Feeling special today? Get over it.
A new study by astronomers at University of California at Berkeley shows when it comes to planets, smaller means more, a finding that has strong implications for the prospects of relatively puny planets like Earth appearing in other solar systems.
So far, the smallest extrasolar planets found to date are about two to three times Earth's mass, but a random survey of 166 nearby stars shows the extended family of planets is fairly robust. Twenty-two of 166 nearby stars, selected at random, had a total of 33 planets, data teased out by breaking down the starlight to look for tiny aberrations caused by the gravitational tugging of the orbiting brood.
The study, which took five years, only looked for planets that orbited rather close to their parent stars (unless the planet is very large the signal from its gravitational hug is too slight to detect with today's technology) so this batch won't produce good candidates for worlds with liquid surface water that might be suited for life.
Still, planet-hunter Geoff Marcy says it's the first statistical estimate of just how many pale, blue dots may be out there.
"We really had no estimate at all of what fraction of stars might harbor Earth-like planets," Marcy told Discovery News. "We just had no way of knowing from theory or observations."
The study found one or two stars with planets about the size of Jupiter, six with a Neptune-mass world, and about 12 with super-Earths, roughly three to 10 times the mass of Earth. Although the planets orbit their parent stars at just .25 percent of the distance between Earth and the sun, the astronomers say there's no reason to believe the size distribution of planets would be different as you move farther away.
"We detected a steeply rising rate of planet occurrence as you lower the mass. Since we see this strong trend, it'd be surprising if it just turned over or shut off immediately," lead author Andrew Howard told Discovery News.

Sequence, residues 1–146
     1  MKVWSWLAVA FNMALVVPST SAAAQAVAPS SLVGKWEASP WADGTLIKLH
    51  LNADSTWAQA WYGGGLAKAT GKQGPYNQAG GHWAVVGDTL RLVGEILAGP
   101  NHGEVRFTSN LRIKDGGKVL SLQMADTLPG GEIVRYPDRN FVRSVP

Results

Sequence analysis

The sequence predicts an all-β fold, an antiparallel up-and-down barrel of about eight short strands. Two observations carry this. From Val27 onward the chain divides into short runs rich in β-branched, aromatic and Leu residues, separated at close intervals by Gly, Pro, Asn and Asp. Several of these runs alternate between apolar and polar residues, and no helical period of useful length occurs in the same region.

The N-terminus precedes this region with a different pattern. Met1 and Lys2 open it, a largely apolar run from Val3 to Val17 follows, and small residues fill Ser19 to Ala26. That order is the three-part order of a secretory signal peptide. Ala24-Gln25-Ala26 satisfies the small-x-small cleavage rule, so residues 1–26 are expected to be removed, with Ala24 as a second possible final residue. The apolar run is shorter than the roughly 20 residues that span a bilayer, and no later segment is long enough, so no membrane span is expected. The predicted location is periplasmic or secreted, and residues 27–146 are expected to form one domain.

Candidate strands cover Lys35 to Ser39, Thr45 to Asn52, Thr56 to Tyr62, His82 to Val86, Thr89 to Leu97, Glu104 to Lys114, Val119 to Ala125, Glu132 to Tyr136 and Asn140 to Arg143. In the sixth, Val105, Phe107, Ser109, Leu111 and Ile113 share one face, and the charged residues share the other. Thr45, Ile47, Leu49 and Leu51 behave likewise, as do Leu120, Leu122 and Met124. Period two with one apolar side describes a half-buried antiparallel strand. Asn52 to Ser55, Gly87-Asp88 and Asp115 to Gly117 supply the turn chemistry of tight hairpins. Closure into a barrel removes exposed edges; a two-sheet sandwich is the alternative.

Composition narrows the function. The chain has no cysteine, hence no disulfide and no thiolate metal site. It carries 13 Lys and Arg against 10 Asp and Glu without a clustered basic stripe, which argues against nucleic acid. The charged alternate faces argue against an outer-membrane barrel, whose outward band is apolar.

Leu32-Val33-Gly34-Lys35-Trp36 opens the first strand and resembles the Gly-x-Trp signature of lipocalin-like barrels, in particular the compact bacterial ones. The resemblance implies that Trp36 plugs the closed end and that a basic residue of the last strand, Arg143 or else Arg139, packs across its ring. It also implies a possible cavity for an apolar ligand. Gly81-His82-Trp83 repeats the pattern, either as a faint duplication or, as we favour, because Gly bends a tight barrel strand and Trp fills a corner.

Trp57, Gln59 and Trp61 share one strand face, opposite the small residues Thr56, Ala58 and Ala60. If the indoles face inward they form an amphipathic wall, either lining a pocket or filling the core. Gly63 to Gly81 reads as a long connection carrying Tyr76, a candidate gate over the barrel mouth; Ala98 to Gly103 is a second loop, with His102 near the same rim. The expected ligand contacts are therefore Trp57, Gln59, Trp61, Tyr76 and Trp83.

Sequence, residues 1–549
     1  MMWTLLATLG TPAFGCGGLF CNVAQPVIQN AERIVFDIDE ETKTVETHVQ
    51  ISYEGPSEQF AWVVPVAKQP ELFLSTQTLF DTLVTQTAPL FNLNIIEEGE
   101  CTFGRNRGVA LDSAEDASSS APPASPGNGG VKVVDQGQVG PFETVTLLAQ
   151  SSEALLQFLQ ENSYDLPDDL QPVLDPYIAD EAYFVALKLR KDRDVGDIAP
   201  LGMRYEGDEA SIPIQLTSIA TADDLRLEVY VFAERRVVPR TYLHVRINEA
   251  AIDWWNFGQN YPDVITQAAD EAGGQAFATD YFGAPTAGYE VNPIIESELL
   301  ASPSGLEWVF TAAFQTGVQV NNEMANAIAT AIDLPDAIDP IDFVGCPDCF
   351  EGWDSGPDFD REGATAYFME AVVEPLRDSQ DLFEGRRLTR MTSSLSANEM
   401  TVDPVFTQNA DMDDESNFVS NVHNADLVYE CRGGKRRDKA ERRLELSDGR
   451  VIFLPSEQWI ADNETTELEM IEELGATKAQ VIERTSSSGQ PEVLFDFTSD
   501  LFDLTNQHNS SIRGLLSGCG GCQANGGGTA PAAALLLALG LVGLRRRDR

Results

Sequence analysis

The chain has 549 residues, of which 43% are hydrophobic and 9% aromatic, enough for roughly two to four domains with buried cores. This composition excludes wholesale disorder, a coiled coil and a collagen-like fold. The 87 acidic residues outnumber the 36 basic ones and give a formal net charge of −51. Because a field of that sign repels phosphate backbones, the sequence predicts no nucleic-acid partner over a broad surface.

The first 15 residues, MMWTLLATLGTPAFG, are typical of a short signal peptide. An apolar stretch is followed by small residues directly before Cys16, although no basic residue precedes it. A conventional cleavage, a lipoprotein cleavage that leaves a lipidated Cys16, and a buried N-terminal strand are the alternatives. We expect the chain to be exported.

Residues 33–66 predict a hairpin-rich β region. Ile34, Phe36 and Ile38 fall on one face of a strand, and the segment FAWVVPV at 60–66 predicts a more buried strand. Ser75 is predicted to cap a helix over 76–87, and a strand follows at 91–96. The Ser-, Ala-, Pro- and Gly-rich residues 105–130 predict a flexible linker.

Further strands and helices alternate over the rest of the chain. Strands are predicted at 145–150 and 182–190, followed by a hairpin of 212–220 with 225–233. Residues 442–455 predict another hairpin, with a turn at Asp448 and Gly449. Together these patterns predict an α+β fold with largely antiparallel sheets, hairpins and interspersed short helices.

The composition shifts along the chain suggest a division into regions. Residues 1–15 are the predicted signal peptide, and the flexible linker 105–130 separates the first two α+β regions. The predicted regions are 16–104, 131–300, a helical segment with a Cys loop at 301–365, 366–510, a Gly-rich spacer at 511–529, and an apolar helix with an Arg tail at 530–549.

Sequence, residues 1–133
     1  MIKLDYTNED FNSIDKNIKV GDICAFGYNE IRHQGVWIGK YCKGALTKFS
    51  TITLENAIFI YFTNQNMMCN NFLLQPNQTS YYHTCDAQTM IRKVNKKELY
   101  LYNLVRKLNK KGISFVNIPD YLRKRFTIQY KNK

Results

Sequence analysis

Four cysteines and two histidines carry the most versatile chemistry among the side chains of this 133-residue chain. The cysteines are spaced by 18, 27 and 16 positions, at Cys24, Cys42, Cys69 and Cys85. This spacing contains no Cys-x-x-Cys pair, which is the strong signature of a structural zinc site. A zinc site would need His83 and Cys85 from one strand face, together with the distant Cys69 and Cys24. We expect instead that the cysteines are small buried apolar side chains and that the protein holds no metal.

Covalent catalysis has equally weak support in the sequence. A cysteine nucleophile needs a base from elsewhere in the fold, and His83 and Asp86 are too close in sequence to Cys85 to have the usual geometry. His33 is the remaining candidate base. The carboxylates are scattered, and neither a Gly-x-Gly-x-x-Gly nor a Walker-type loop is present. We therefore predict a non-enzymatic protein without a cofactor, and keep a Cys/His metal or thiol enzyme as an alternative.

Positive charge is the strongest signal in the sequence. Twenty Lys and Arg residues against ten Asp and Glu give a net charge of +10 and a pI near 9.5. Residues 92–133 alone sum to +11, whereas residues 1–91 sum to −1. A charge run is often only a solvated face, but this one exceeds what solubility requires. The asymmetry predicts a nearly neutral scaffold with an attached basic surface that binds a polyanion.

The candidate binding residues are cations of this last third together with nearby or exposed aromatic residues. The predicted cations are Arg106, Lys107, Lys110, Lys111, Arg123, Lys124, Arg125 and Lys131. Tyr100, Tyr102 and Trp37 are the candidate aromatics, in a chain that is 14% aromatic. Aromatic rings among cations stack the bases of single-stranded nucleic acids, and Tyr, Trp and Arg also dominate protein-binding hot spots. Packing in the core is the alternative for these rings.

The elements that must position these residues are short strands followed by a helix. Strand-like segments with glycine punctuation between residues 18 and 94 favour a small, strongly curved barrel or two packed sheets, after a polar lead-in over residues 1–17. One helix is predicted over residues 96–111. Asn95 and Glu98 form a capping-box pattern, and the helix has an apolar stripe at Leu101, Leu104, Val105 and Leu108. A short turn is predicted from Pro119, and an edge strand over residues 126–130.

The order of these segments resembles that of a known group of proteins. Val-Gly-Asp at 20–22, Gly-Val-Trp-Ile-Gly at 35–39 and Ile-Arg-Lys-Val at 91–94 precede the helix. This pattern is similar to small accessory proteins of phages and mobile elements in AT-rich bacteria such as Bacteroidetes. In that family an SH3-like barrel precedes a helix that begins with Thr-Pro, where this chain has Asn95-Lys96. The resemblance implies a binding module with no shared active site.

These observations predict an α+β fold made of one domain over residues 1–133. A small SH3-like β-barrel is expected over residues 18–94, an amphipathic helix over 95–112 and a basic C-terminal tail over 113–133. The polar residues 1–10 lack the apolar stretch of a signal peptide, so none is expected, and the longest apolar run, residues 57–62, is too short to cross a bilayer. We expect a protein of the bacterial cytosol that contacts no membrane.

"What we've done, in effect, is take a census. We've shown that there are more and more planets are you get smaller," added co-author Marcy.
The astronomers extrapolate from their data that the proliferation of smaller planets continues down to worlds the size of Earth -- and presumably even smaller -- planets that are beyond the technical capabilities of the study.
"I think it's very speculative," Massachusetts Institute of Technology astronomer Brice-Olivier Demory told Discovery News. "It looks to me very, very, very difficult to extrapolate the low-mass (planet) population. I think it's too premature to draw any conclusion."
"We detected a steeply rising rate of planet occurrence as you lower the mass. Since we see this strong trend, it'd be surprising if it just turned over or shut off immediately," he said.
More information will be coming soon. A Geneva-based team of planet-hunters has made preliminary assessments that 30 percent to 50 percent of its surveyed stars have planets. And scientists using NASA's Kepler space telescope, which is on the hunt for Earth-sized worlds, has yet to weigh in .
"We've shown that planets become more common as you move to low mass, if that continues as you move outward, then there are potentially lots of Earth-like planets in habitable zones," Howard said.
The research appears in this week's issue of Science.